Dr Oliver Diessel is an Associate Professor in the School of Computer Science and Engineering.
I develop methods for the design, test and implementation of digital systems in reconfigurable logic devices called Field-Programmable Gate Arrays.
My interest is in dynamically reconfigurable digital systems in which the circuits are modified while the system is operational.
I aim to promote the use of reconfigurable systems through the development of architectures, design methods and tools that enhance their benefits and reduce their costs.
Interest in engineering
Why did you get into engineering?
A fascination with technology and a natural tendency towards mathematics and science.
What are your research goals?
To develop smart devices that can act independently to benefit people.
What do people not understand about what you do?
They think I can help with practical issues such as fixing their PC or advising them on the best machine to buy. They would be better off asking me some theoretical questions.
Advice for prospective computer engineers & scientists
A career in computer engineering or computer science can see you changing the world. With this great power comes great responsibility. Keep an open mind to the wider implications of what you learn and do. And follow your dream.
COMP4601 – Design Project B, UNSW (2009 – present)
COMP4211 – Advanced Architectures and Algorithms, UNSW (2004 – 2006)
COMP3211 – Computer Architecture, UNSW (2002 – 2006, 2012)
COMP3222 – Digital Circuits and Systems, UNSW (2008, 2010 – present)
FPGA Implementation of Digital Systems using Verilog, Harbin Institute of Technology (2014 - present)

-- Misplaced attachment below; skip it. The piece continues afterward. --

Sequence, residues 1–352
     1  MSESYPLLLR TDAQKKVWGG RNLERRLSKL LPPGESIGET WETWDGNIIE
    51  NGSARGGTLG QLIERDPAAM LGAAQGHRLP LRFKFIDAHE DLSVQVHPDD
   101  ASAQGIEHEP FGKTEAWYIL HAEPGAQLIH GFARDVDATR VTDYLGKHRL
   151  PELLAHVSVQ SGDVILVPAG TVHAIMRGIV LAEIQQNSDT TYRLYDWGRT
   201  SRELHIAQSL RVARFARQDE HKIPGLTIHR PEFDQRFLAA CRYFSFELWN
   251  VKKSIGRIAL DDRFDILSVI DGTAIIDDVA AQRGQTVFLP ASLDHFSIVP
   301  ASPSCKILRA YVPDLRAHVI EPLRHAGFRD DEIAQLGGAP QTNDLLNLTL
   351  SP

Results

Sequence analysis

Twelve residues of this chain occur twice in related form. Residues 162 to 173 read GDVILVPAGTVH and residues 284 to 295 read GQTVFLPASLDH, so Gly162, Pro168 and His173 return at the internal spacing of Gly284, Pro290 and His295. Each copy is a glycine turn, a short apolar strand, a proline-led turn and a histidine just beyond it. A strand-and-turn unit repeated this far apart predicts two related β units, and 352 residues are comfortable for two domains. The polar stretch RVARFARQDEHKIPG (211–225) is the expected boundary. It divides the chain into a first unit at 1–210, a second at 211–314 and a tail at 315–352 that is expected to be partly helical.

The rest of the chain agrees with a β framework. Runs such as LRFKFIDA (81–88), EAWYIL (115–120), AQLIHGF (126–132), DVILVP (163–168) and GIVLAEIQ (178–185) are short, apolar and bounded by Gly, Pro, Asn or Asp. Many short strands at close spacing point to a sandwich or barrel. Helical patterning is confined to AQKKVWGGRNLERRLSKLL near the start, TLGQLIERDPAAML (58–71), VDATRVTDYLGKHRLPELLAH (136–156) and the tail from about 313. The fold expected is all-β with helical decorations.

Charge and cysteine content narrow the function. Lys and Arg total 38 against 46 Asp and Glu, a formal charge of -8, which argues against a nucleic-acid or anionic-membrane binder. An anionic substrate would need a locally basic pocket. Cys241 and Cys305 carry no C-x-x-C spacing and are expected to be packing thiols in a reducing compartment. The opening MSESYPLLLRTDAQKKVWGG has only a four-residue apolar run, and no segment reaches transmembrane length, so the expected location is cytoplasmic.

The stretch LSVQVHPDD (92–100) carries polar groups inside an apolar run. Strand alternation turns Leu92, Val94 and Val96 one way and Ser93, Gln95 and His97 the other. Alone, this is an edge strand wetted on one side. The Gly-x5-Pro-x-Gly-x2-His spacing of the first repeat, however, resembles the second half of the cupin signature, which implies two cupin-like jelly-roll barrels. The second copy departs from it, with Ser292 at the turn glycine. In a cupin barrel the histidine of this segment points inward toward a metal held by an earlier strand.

COMP2021 – Digital Systems Structures, UNSW (2000 – 2004)
FPGA Design Course, Ho Chi Minh City University of Technology (2003)
COMP1921 – Data Structures and Algorithms, UNSW (2008 – 2009)
XCMP1000 – Computing 1, UNSW Asia (2007)
COMP1021 – Computing 1B, UNSW (2005)
Professional Issues & Ethics
COMP4920 – Professional Issues and Ethics, UNSW (2001)
Number currently in lab: 2
Number graduated: 6
Current students work on design of fault-tolerant FPGA-based systems for space and fine-grained accelerators for heterogeneous devices.
Previous students have worked on multi-core task migration, the verification of dynamically reconfigurable systems, communications infrastructure for module-based dynamically reconfigurable systems, and configuration encoding techniques for rapid reconfiguration.
Looking for students for projects related to:
Dynamic modular reconfiguration of FPGA-based TMR circuits. This project involves the development of techniques to meet reliability, performance and resource constraints for SRAM FPGA-based implementations of digital systems to recover from radiation-induced Single Event Upsets. We are investigating design approaches, CAD tools for circuit synthesis, partitioning and layout, and benchmarking with circuits typical of applications deployed in space.
Run-time validation of FPGA-based computations. Computational tasks hosted on FPGA devices are increasingly susceptible to run-time errors due to process variation, device degradation and radiation. This project seeks to develop efficient (better than TMR) techniques for checking the correctness of tasks while they are running. Another thrust is to validate dynamically acquired FPGA configurations.
Professional Organisations and Consulting positions
Editorial Board, ACM Transactions on Reconfigurable Technology and Systems
PhD, University of Newcastle, Australia, 1998
B.E. (Computer, Hons), University of Newcastle, Australia, 1991
B.Math., University of Newcastle, Australia, 1991